You’re looking for the right college degree. Congratulations–and our condolences. This can be one of the most stressful decisions you ever have to make, and the constant questioning from friends and family doesn’t make it any better. You’ve gotten some career counseling, attended some career fairs, but what you really need is the first step of your decision (length of schooling + future salary) broken down.

You’re welcome.

In this quick and easy list, we highlight some of the most popular careers by the length of studying and the median salary. Don’t start with what you want to do for a living–start by how much money you want to make, and how much time you’re willing to invest.

Associate’s Degree

Don’t be fooled by some of the articles online, claiming you can make six figures with an associate’s degree. While that does happen, that’s way past the median. When it comes to your financial future, assume you’ll make the median, and be prepared to make an even lower income. Common associate degrees, nevertheless, often have a median around $50,000 a year. Not bad, considering how much time and money you saved on school. Common associate’s degrees include an ASE Automotive Degree, and Administrative Assistant Degree, or a Paralegal Degree.

Bachelor’s Degree

This is what most people go for. This is probably what your parents want, unless they’re pushing for you to become a doctor. (Parents.) While a bachelor’s degree offers you a much wider range of career options, and most careers are based on a BS or BA, keep in mind that your salary might not be much larger (it could even be smaller) than you salary with an associate’s degree. The median salary for common bachelor degree isn’t much larger than the median for an associate’s degree, so make a list of associate degree and bachelor degree jobs that interest you–and see what the median is for those particular careers. Some might be staggeringly higher. Some might even be less.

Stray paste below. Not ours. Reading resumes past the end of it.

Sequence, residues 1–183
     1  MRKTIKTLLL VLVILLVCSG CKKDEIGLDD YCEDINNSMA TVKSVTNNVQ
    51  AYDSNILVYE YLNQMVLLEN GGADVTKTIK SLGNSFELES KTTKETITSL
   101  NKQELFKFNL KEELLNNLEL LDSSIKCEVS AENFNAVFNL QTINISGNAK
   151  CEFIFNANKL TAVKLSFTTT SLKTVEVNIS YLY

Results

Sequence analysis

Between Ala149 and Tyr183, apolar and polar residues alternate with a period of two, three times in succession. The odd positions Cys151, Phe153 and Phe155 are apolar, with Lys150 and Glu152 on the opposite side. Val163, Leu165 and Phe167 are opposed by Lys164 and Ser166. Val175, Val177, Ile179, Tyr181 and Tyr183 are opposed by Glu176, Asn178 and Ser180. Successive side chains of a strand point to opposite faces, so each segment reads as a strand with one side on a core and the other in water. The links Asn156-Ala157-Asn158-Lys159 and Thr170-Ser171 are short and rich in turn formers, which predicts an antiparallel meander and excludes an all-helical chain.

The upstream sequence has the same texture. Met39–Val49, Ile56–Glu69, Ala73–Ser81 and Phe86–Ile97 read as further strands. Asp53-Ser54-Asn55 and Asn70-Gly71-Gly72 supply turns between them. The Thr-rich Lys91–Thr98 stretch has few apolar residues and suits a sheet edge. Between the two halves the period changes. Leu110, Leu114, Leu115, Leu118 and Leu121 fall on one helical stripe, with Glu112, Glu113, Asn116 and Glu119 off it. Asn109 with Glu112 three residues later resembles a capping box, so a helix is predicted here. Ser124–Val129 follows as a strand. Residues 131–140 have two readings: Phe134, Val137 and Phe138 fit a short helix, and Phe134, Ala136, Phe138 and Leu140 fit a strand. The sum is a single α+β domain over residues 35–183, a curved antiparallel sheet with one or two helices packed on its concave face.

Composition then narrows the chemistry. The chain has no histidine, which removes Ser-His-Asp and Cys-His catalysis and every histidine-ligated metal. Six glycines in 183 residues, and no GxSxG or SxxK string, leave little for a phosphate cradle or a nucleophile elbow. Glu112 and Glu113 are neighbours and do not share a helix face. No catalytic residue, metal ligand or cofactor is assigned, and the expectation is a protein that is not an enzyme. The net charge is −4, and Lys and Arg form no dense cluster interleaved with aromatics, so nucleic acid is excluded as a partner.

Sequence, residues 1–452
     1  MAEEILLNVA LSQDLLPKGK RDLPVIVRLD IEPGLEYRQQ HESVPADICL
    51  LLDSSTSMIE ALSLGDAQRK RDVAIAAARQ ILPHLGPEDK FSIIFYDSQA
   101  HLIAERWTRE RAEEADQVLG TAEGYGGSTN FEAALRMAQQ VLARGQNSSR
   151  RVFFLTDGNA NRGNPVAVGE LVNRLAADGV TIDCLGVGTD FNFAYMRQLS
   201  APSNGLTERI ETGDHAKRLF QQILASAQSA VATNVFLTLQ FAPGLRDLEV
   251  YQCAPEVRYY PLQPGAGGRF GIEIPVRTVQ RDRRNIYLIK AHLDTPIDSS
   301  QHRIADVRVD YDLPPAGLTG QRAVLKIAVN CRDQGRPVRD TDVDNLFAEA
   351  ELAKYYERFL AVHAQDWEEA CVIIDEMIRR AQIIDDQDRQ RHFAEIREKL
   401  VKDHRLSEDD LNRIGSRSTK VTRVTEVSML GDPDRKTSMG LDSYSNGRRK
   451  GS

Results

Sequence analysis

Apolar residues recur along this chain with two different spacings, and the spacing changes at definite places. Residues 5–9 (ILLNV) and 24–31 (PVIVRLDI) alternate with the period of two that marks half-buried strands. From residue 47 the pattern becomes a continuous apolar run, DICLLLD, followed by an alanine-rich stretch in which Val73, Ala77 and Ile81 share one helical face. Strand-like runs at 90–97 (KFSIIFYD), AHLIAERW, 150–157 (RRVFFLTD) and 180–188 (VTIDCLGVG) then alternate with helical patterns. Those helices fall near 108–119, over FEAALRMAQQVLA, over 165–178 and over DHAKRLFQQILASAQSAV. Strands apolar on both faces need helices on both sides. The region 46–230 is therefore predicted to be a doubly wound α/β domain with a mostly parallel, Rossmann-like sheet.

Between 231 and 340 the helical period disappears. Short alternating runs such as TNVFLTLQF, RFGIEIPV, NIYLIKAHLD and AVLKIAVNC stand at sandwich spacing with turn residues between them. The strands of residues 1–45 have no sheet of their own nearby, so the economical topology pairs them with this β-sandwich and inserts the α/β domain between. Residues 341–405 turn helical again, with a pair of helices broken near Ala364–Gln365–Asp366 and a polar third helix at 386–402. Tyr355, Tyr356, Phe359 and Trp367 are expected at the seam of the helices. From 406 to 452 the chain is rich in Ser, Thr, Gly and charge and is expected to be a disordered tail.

Master’s Degree or Doctorate

If four years isn’t long enough to soak up all the wisdom of your professors, you can spend 6 to 8 years earning a master’s or a doctorate. (Although there are often innovative academic programs that could make this faster.) These careers often come with much more prestige, and typically a higher salary. While doctors easily make six figures a year, a school counselor often makes less than $40,000 a year, so remember that the length of schooling doesn’t automatically equal more money. If you love to learn, and you’re willing to spend the extra time, a master’s or doctorate might be perfect for you. Be prepared though, most master’s and doctorate programs also require supervised jobs for a year or two after school is finished–pushing that deadline back even further. If your goal is to become a doctor or psychologist, however, the extra time will be worth it to end up doing something that you love. In the end, you need to decide what you want to make, how long you want to be in school, and start career searching from there.